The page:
How should the church respond to the colonialism that runs through its blood?
What Robert Heaney calls coloniality encompasses a multitude of sins. It begins with fear, invariably an unacknowledged fear, rooted in anxiety about identity. Fragile identity is shored up by jobs, neighborhood, prestige, values, tradition, and power. When people appear to jeopardize such things, those people, a minority, are cast as the other. They become subject to stereotyping, scapegoating, and dehumanizing. Any kind of connection or compromise with such people becomes intolerable. Imperialism becomes the better of two grim alternatives; the other is genocide. Thus coloniality and hate are inextricably linked. This much Heaney’s upbringing as a Protestant in Northern Ireland has taught him.
In this book, Heaney broadens his vision to perceive a great swath of wrong, across the world, that bears a significant family resemblance to the pattern of coloniality he has diagnosed in Ireland. The locations are legion; the evils include land theft, rape, murder, enslavement, torture, pollution, depredation of the earth, racism, and genocide.
As grievous as this history is, even more bewildering is the degree of complicity with these evils exhibited by the church and its theologians. Those theologians who attempt to construct postcolonial theology face three challenges: the church has been up to its neck in coloniality; even today among the northern ruling elites of theology there remains widespread skepticism about the methods, quality, and resources of the particular theologies that seek to disrupt its complacency; and among postcolonial theorists at large, theology is not highly regarded as a resource for resistance.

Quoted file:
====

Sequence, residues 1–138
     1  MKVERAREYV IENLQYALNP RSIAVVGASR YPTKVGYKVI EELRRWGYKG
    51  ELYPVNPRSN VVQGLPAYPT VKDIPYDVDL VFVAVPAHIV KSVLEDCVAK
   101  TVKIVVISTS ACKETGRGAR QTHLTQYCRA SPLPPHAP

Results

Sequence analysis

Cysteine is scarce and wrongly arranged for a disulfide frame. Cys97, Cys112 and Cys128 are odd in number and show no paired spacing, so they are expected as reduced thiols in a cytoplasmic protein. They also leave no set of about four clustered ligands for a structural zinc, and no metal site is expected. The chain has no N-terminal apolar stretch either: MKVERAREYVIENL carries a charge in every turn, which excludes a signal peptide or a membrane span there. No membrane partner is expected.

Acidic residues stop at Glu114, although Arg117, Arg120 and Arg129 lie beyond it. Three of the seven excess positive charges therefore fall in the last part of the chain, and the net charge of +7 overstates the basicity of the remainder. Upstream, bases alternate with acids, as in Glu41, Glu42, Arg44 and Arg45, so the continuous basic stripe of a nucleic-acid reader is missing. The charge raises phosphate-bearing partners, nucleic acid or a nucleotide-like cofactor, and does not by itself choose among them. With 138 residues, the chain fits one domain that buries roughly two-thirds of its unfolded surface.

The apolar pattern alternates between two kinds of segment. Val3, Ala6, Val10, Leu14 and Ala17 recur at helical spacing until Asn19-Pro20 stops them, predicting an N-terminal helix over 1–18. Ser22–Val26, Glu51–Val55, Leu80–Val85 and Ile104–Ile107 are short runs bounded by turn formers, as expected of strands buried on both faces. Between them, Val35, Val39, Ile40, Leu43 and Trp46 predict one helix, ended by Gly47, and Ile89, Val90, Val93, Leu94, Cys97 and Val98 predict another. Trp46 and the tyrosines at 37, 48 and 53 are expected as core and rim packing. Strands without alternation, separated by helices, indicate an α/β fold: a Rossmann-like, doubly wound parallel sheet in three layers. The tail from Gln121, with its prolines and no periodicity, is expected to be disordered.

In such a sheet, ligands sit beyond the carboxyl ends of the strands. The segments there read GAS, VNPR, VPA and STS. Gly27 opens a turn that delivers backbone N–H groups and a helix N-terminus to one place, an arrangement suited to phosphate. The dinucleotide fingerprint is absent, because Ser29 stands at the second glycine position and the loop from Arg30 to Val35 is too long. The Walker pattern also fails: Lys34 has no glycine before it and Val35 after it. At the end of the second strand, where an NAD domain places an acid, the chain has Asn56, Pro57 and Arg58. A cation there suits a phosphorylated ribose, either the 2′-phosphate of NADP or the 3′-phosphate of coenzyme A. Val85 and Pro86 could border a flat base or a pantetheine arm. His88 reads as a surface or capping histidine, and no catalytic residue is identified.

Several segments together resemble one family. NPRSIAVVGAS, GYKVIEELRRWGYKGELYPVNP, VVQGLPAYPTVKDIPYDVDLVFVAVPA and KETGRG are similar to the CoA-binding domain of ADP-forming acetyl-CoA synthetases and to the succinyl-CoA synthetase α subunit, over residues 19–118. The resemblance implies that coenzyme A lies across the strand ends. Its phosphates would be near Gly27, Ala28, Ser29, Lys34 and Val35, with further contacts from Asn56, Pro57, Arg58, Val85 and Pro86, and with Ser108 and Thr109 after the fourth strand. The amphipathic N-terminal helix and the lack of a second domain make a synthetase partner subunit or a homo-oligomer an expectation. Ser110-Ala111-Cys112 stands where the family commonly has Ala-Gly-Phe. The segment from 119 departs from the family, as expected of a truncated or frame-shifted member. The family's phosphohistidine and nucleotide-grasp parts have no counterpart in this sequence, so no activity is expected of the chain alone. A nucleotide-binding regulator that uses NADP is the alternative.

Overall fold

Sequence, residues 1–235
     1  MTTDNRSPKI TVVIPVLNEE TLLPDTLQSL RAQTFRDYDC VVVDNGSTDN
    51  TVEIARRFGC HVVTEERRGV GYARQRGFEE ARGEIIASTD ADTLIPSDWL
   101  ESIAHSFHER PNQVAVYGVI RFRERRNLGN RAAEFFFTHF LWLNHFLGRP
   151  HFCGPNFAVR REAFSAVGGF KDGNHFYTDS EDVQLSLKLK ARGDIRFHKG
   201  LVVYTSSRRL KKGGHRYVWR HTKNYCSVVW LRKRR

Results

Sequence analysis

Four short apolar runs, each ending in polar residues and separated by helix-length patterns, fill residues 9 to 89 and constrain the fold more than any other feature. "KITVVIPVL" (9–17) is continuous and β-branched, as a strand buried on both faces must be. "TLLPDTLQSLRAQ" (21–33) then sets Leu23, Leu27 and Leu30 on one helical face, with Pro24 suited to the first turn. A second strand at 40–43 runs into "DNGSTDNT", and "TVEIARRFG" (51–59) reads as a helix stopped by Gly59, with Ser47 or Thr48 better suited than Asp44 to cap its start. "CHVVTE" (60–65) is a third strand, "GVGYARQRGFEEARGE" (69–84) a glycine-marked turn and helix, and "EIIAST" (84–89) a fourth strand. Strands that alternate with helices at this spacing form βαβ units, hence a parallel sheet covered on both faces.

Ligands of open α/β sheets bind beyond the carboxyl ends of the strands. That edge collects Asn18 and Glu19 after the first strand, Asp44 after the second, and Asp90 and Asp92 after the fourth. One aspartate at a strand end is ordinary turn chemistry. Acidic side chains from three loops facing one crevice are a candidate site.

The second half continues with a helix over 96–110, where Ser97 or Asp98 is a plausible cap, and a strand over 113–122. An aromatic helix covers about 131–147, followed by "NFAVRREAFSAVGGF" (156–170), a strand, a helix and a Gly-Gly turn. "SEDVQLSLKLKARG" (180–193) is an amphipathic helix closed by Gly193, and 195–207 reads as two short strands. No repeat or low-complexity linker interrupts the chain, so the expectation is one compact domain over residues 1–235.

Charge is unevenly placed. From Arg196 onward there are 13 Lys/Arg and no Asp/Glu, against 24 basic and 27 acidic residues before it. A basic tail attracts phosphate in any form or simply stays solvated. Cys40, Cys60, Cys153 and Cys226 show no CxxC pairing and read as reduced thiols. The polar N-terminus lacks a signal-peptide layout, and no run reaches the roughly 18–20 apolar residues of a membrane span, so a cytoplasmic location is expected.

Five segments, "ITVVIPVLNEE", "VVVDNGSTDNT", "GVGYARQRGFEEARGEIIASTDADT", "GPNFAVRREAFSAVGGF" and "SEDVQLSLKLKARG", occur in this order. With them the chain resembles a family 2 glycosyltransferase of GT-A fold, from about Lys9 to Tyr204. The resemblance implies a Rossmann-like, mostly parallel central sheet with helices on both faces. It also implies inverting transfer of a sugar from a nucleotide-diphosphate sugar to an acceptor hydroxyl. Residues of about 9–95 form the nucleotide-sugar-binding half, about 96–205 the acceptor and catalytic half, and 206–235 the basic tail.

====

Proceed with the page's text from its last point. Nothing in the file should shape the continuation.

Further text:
How then to mount a response to the desultory history of the church as a (very) critical friend; how to highlight available theological resources for moving the story past guilt and anger; and how to order an agenda for the church in light of the challenge of postcolonial theology? These are the three questions that shape Heaney’s project.
The answer to the first question lies in attending to the considerable work already done by theologians who have found themselves on the receiving end of coloniality. Heaney listens carefully to the work of Kenyan John Mbiti. While not wholly critical of the missionary movement, Mbiti highlights the way the missionaries justified colonialism, practiced subjugation, disparaged traditional practices, and imported denominational competitiveness. Heaney also draws on the critical awareness exhibited by the 1985 Kairos Document in apartheid South Africa.
Moving on to Korea, he attends closely to the theology of Wonhee Anne Joh, who incorporates gender studies into postcolonial theology and critiques any form of theological engagement with the suffering of coloniality that commends subjugation. She also dismisses any naive assumption that people subject to coloniality are uniquely innocent by recognizing that oppressor and oppressed coexist within the same individual.